Bizet's marriage to Geneviève Halévy was intermittently happy and produced one son. After his death, his work, apart from Carmen, was generally neglected. Manuscripts were given away or lost, and published versions of his works were frequently revised and adapted by other hands. He founded no school and had no obvious disciples or successors. After years of neglect, his works began to be performed more frequently in the 20th century. Later commentators have acclaimed him as a composer of brilliance and originality whose premature death was a significant loss to French musical theatre.
Life
Early years
Family background and childhood

Georges Bizet was born in Paris on 25 October 1838. He was registered as Alexandre César Léopold, but baptised as "Georges" on 16 March 1840, and was known by this name for the rest of his life. His father, Adolphe Bizet, had been a hairdresser and wigmaker before becoming a singing teacher despite his lack of formal training.[1] He also composed a few works, including at least one published song.[2] In 1837 Adolphe married Aimée Delsarte, against the wishes of her family who considered him a poor prospect; the Delsartes, though impoverished, were a cultured and highly musical family.[3] Aimée was an accomplished pianist, while her brother François Delsarte was a distinguished singer and teacher who performed at the courts of both Louis Philippe and Napoleon III.[4] François Delsarte's wife Rosine, a musical prodigy, had been an assistant professor of solfège at the Conservatoire de Paris at the age of 13.[5]

Georges, an only child,[3] showed early aptitude for music and quickly picked up the basics of musical notation from his mother, who probably gave him his first piano lessons.[2] By listening at the door of the room where Adolphe conducted his classes, Georges learned to sing difficult songs accurately from memory, and developed an ability to identify and analyse complex chordal structures. This precocity convinced his ambitious parents that he was ready to begin studying at the Conservatoire, even though he was still only nine years old (the minimum entry age was 10). Georges was interviewed by Joseph Meifred, the horn virtuoso who was a member of the Conservatoire's Committee of Studies. Meifred was so struck by the boy's demonstration of his skills that he waived the age rule and offered to take him as soon as a place became available.[3][6]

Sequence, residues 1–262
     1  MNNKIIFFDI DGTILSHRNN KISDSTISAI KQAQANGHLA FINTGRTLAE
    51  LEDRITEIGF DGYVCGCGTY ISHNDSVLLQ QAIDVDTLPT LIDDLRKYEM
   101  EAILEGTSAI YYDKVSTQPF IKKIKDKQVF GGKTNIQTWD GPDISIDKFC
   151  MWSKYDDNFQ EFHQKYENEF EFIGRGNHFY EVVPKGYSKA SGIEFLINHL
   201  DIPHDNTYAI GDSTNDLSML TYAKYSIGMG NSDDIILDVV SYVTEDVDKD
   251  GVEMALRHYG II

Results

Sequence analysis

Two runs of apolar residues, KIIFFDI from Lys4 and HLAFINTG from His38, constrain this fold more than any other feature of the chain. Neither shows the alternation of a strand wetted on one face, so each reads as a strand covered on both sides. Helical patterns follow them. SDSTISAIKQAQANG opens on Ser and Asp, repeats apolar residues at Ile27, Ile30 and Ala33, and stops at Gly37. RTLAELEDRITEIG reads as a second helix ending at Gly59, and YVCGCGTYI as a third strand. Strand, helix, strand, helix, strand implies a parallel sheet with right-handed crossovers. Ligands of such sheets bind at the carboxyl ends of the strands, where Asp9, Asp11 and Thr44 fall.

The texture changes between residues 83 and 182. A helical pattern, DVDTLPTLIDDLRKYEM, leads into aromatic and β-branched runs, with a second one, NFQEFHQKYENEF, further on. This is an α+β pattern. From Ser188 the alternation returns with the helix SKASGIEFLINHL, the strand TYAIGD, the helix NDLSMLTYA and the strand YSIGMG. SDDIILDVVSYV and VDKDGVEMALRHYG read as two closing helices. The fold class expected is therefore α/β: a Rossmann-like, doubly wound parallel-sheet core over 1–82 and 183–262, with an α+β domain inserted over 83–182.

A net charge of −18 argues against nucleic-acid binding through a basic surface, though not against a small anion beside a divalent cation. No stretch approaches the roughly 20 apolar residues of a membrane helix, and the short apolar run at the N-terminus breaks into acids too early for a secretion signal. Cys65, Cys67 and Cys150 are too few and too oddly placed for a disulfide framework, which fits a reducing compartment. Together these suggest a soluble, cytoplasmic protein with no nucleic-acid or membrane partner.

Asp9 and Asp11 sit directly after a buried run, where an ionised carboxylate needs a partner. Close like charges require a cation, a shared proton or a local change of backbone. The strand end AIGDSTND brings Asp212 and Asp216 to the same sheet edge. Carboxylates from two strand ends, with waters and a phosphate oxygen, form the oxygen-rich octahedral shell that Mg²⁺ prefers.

Conservatoire
Part of the Paris Conservatoire, where Bizet studied from 1848 to 1857 (photographed in 2009)

Bizet was admitted to the Conservatoire on 9 October 1848, two weeks before his 10th birthday.[3] He made an early impression; within six months he had won first prize in solfège, a feat that impressed Pierre-Joseph-Guillaume Zimmermann, the Conservatoire's former professor of piano. Zimmermann gave Bizet private lessons in counterpoint and fugue, which continued until the old man's death in 1853.[7] Through these classes Bizet met Zimmermann's son-in-law, the composer Charles Gounod, who became a lasting influence on the young pupil's musical style—although their relationship was often strained in later years.[8] Under the tuition of Antoine François Marmontel, the Conservatoire's profe